The gastrointestinal (GI) tract is the main entry for fluids and nutrients into our body, and also the main way waste leaves our body. Many different medical conditions, not only those directly connected with the GI tract, cause GI symptoms.
GI symptoms include:
- Nausea and vomiting
- Pain in the stomach or abdomen
- Swallowing problems
- Weight gain or loss.
Conditions may range from mild to serious. Common gastrointestinal conditions include:
- Dyspepsia, indigestion, and heartburn
- Esophagus problems, such as stricture (narrowing) and achalasia, and esophagitis
- Gallstones, cholecystitis, and cholangitis
- Gastroesophageal reflux disease (GERD), peptic ulcer disease, and hiatal hernia
- Intestinal problems, such as polyps and cancer, infections, celiac disease, Crohn's disease, ulcerative colitis, diverticulitis, malabsorption, short bowel syndrome, and intestinal ischemia
- Irritable bowel syndrome
- Lactose intolerance
- Liver problems, such as hepatitis B or hepatitis C, cirrhosis, liver failure, and autoimmune and alcoholic hepatitis
- Pancreatitis and pancreatic pseudocyst
- Rectal problems, such as anal fissure, hemorrhoids, proctitis, and rectal prolapse
- Stomach problems, including gastritis, gastric ulcers (usually caused by Helicobacter pylori infection), and gastric cancer.
A thorough and accurate medical history will be taken by your healthcare provider, noting the symptoms you have experienced and any other relevant information. A physical examination is also done to help assess the problem more completely.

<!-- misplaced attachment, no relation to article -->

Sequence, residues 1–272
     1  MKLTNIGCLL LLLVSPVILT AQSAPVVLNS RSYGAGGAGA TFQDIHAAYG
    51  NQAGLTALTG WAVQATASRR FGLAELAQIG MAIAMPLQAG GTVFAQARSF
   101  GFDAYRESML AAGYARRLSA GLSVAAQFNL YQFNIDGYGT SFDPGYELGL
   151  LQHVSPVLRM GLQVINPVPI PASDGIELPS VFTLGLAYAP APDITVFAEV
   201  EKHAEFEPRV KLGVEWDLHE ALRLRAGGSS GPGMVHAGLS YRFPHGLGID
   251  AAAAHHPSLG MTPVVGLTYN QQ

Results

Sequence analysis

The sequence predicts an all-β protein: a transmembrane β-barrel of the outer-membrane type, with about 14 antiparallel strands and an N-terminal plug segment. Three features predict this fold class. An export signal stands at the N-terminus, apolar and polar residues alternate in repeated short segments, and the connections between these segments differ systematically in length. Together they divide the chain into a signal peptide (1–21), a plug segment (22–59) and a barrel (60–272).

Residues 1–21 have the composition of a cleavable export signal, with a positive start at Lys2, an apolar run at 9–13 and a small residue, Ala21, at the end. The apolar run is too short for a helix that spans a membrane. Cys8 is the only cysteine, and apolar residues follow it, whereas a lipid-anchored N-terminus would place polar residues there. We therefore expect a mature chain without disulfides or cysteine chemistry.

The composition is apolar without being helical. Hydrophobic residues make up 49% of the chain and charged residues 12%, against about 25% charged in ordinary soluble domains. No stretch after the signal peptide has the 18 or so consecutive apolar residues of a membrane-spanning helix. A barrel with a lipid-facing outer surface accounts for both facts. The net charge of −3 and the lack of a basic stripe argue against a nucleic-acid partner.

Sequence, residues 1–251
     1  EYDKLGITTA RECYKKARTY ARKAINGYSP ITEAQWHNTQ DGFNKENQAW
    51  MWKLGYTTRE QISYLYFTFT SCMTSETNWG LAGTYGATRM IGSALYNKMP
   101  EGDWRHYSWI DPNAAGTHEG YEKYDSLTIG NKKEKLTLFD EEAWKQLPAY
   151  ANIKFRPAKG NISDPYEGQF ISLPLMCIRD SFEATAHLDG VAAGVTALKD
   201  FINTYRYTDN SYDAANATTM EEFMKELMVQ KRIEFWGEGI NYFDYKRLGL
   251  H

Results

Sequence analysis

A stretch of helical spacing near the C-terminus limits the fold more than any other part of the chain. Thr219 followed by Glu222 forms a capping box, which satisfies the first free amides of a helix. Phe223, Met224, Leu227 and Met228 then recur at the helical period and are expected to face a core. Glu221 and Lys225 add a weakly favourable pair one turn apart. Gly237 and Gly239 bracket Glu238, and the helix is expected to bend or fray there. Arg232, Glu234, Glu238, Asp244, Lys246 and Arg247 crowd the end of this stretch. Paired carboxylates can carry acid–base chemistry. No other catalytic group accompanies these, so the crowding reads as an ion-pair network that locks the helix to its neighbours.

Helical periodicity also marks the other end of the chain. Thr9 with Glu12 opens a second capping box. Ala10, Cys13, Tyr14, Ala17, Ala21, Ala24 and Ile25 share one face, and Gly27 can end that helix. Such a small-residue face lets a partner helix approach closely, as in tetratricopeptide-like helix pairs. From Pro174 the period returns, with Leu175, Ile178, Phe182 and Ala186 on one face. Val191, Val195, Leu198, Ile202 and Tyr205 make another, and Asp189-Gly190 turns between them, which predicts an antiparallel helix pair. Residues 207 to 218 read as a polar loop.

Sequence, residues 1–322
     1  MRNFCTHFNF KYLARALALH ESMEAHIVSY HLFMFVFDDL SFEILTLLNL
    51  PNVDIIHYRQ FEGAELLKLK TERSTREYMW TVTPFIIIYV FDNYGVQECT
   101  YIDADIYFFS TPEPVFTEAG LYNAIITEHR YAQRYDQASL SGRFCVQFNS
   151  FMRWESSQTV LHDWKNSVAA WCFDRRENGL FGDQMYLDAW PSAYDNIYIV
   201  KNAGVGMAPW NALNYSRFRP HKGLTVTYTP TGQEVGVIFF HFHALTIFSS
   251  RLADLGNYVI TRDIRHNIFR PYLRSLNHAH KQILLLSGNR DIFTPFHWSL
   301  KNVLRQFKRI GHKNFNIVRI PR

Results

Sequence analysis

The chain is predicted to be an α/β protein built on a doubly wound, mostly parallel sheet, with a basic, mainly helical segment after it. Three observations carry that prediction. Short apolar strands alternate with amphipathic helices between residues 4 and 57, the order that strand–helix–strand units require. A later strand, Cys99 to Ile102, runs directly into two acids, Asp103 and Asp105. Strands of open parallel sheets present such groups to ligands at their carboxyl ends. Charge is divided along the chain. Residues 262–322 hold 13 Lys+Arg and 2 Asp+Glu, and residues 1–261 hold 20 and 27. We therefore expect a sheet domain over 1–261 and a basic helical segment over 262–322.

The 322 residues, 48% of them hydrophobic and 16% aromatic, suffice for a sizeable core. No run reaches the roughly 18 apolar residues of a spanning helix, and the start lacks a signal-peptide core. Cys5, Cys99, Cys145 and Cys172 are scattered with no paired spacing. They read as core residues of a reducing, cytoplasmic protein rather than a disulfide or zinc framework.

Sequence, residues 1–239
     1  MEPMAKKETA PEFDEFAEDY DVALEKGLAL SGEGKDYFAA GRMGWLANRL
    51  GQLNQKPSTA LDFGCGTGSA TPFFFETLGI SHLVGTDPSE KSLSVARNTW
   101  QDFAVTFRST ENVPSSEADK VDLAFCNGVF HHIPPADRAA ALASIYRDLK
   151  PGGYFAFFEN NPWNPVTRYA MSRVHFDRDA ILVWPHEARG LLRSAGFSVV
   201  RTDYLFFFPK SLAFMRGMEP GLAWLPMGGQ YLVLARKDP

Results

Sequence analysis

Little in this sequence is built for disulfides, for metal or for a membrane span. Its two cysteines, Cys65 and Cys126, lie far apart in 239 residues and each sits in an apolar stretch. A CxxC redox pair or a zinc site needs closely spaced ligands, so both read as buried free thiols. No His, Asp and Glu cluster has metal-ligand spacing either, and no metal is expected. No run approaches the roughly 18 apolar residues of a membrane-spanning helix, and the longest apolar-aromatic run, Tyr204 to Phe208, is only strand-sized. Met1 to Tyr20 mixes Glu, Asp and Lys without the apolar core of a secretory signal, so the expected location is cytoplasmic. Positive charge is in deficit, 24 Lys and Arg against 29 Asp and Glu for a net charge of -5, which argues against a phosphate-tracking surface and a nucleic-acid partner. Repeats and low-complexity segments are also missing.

It is important to identify the location and severity of the symptoms and any aggravating and alleviating factors. If abdominal pain is present, the location can help narrow down the diagnosis, for example, pain in the:
- Epigastrium may be associated with problems in the pancreas, stomach, or small bowel
- Right upper quadrant may reflect problems in the liver, gallbladder, and bile ducts such as cholecystitis or hepatitis
- Right lower quadrant may indicate inflammation of the appendix, terminal ileum, or cecum, suggesting appendicitis, ileitis, or Crohn's disease
- Left lower quadrant may indicate diverticulitis or constipation
- Either left or right lower quadrant may indicate colitis, ileitis, or ovarian (in women) etiologies.
Asking patients about the character (sharp and constant, waves of dull pain), onset (sudden or gradual) or radiation of pain may help with the diagnosis, for example:
- Pain radiating to the shoulder may reflect cholecystitis because the gallbladder may be irritating the diaphragm
- Pain radiating to the back may reflect pancreatitis.
Ask about changes in their eating or bowel habits:
- Do they have difficulty swallowing (dysphagia), loss of appetite, or nausea and vomiting?
- If vomiting, how often and for how long? Is there any blood or coffee-ground–like material suggestive of GI bleeding?
- What fluids have you had to drink and how much? Have you been able to keep them down?
- When did you last go to the toilet? Are you going more or less often than usual for you? Describe the color and consistency of your stool; does it appear black or bloody (suggestive of GI bleeding), or is there mucus?
Ask women about their gynecologic history because gynecologic and obstetric disorders may cause GI symptoms.
Also, assess nonspecific symptoms such as fever or weight loss. Weight loss may indicate a more severe problem such as cancer.